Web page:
So there's the line, theoretically. But what does that mean in practice? Say, in the case of cops luring potential child predators online? That's the case that Bowden is looking at here. Yes, it's a loaded issue, and it's one that tends to elicit strong emotional reactions. Which is what makes it such a good test case here. Bowden does a good job with this article (which is a couple of years old, but I just found it yesterday) of breaking down the way that the Online Child Predator has become a cultural icon, and the way that the image of the predator gets used to justify what I would characterize as abuses of police authority.

In any case: this is a good, solid, thought-provoking article, and it's worth reading.

05 August 2011

Eli Lake - All Over the Map

Today's article is from The New Republic.

Nothing flashy for y'all today - just a sober, incisive breakdown (term chosen deliberately) of the foreign policy views of several of the leading Republican candidates for president. Special emphasis is paid, as it unfortunately must be, to their views on "radical" vs. "moderate" Islam.

Worth keeping track of, and something that stands out to me, is a brief aside about the need for certainty or assuredness on seemingly every topic, even on complicated or yet-to-be-resolved issues:
But, while such open-mindedness is an admirable thing, people also want to know that presidential candidates have strong convictions on the most important issues. And, with Romney and Iraq, it wasn’t always clear whether he did. His camp in 2007 was divided. One of Romney’s top foreign policy advisers, Mitchell Reiss—a longtime American diplomat who served as the head of policy planning at the State Department in the second half of Powell’s tenure—was a surge skeptic. But Dan Senor—an unofficial member of Romney’s inner circle who had served as a senior adviser and spokesman for the Coalition Provisional Authority in Iraq—was a surge supporter, according to sources familiar with the 2008 Romney campaign. In the end, the surge forces won, and Romney never publicly questioned the policy. And, beyond the surge, Romney seemed content to take pages from Bush’s playbook on transforming the Muslim world. The neocons, after all, were the establishment—and Romney was the establishment candidate.

But, sometimes, it was possible to catch a public glimpse from Romney of what sounded like hesitation about the neoconservative worldview. At a debate in September 2007, Romney was asked about Iraq. He gave a rather measured answer in which he said that the surge was “apparently working”—two words that quickly drew a response from McCain. “Governor, the surge is working,” McCain admonished. “The surge is working, sir. It is working.” “That’s just what I said,” Romney replied. But McCain would have none of it. “No, not apparently,” McCain continued. “It’s working.”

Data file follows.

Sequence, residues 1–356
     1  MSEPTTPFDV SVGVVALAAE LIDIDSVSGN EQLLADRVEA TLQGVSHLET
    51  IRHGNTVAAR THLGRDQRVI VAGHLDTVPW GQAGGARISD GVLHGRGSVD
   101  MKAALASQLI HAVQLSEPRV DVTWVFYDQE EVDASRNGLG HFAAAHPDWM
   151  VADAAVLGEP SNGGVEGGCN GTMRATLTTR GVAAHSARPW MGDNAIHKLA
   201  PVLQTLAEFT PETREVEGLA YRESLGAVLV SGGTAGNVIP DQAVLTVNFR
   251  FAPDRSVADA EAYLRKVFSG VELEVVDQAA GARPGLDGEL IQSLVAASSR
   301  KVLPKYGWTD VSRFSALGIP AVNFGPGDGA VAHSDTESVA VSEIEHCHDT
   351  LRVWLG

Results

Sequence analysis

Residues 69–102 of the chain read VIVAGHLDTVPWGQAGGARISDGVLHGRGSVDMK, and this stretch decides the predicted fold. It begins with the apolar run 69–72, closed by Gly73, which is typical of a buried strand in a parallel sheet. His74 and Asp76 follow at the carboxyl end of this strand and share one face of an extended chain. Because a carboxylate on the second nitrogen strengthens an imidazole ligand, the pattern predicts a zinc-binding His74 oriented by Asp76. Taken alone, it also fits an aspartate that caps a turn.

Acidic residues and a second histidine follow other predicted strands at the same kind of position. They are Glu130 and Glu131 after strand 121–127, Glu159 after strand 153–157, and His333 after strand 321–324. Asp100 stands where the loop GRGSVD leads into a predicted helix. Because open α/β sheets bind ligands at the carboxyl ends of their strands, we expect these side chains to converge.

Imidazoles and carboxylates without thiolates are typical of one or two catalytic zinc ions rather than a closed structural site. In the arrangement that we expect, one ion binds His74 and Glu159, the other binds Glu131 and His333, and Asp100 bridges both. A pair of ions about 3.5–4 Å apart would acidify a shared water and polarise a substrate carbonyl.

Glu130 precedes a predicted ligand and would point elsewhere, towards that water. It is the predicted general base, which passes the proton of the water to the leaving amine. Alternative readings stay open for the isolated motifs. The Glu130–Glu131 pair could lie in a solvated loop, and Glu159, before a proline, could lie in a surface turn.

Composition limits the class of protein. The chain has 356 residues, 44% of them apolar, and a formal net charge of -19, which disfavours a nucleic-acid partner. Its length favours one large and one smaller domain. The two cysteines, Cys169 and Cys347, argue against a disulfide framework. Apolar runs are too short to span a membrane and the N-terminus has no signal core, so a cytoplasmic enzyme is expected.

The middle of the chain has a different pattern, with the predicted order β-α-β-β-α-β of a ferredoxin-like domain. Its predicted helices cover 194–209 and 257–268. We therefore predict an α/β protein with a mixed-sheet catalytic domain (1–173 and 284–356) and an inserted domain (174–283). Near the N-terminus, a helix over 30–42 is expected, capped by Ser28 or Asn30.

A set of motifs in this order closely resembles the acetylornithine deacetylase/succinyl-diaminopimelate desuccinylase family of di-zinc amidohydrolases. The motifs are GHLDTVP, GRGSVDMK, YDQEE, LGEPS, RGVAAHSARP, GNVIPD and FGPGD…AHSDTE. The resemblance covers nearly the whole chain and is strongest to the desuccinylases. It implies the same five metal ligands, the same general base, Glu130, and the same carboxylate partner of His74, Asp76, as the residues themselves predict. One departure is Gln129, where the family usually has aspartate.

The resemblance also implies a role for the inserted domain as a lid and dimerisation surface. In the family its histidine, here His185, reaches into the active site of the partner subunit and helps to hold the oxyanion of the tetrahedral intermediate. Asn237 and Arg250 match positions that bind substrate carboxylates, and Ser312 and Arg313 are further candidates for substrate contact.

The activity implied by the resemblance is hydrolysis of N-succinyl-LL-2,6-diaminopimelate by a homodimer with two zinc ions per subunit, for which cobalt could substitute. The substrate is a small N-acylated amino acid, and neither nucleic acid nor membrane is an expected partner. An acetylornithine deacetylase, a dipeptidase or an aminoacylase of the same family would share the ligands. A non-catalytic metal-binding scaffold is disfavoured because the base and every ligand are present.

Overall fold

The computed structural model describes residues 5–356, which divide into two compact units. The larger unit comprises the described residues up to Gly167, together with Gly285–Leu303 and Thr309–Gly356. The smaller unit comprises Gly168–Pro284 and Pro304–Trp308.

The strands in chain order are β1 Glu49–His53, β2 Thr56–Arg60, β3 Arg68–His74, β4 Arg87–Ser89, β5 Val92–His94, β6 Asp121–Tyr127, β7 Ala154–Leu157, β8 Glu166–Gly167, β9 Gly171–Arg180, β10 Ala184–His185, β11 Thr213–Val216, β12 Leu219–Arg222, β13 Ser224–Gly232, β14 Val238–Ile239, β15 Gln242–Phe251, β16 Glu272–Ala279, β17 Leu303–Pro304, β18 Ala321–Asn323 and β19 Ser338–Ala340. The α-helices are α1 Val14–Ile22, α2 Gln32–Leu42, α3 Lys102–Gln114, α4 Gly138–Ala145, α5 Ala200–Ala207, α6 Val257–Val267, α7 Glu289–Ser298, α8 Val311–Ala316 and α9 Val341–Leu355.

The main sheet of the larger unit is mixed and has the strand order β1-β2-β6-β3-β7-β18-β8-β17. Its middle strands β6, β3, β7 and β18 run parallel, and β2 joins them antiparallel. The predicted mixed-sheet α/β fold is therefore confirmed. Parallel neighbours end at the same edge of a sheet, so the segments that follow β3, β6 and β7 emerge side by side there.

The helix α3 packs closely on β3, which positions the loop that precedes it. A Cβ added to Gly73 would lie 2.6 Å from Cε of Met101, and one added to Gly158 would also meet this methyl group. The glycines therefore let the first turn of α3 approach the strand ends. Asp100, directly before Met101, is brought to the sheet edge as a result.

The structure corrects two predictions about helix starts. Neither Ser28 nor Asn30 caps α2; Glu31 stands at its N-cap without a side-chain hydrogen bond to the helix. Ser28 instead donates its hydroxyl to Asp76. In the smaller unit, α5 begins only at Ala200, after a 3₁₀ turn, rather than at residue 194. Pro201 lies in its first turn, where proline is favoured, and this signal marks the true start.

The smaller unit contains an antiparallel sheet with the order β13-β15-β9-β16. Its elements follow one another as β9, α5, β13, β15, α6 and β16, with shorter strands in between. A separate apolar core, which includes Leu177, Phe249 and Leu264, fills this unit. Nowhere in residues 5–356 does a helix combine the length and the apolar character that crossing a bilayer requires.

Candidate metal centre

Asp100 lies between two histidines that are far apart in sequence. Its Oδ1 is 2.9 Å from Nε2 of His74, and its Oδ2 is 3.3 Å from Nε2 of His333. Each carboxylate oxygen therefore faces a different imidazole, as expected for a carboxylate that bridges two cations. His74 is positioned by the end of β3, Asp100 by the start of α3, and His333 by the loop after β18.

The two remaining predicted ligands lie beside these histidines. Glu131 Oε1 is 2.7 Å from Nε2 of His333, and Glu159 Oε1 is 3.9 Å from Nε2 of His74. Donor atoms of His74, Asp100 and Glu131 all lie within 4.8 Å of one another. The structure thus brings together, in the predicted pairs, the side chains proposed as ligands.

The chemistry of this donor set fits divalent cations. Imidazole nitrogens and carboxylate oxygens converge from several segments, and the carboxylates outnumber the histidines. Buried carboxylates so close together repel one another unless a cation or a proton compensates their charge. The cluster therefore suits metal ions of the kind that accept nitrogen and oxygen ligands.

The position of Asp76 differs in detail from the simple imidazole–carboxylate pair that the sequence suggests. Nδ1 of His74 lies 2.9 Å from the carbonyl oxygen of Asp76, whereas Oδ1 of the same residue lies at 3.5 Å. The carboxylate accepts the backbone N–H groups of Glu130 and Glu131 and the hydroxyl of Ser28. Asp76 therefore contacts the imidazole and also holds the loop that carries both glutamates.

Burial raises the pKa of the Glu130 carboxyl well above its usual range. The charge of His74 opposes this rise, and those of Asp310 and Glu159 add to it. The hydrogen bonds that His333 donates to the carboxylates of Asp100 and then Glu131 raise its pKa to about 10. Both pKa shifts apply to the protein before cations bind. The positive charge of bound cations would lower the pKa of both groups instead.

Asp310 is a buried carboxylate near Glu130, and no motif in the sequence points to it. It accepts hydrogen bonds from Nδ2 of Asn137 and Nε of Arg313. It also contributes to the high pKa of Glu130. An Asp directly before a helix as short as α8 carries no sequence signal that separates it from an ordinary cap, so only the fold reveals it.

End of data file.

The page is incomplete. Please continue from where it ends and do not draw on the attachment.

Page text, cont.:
Anyways... read this. It's worth looking at.

04 August 2011

Out for the day

Hello to all of you (and a special hello to the two of you from the UAE who visited yesterday) -

I'm traveling today, so I probably won't be able to post (sadly, not a lot of time to read before I take off. I'll try to be back up and running again tomorrow.

Much love.

03 August 2011

Alex Ross - Deceptive Picture: How Oscar Wilde Painted Over "Dorian Gray."

Today's article is from The New Yorker.

Lovely piece today from Alex Ross, to be published in the upcoming New Yorker.

Ross, here, has done some rather wonderful research, especially in his reading and writeup of the changes between manuscript and published versions of the story (which, after all, is the titular concept of the article).
At the same time, Wilde’s revisions to the opening dialogue between Basil and Lord Henry betray a rising anxiety, an urge to lower the emotional temperature. Exclamations over Dorian’s beauty give way to more reserved remarks about his “good looks” and “personality.” “Passion” becomes “feeling,” “pain” becomes “perplexity.”
This article is pretty intense at some points, or at least as intense as an article on the literature of a rich, dead white guy can reasonably be.

Question: what is a thing about? What is the nature of a thing? The topic? The focus? This is a question that comes up for me sometimes when I'm reading stories or scholarly articles. Is Dorian Gray about homosexuality? About art? Just a good story? Whatever the answer, Ross has done some excellent work here, and his article (yes, I checked his gender on the New Yorker website before I wrote this) is most assuredly worth a read.

02 August 2011

Keith Olbermann - The Four Great Hypocrisies of the Debt Deal

One, watch this video because Olbermann is a brilliant rhetorician and speechmaker.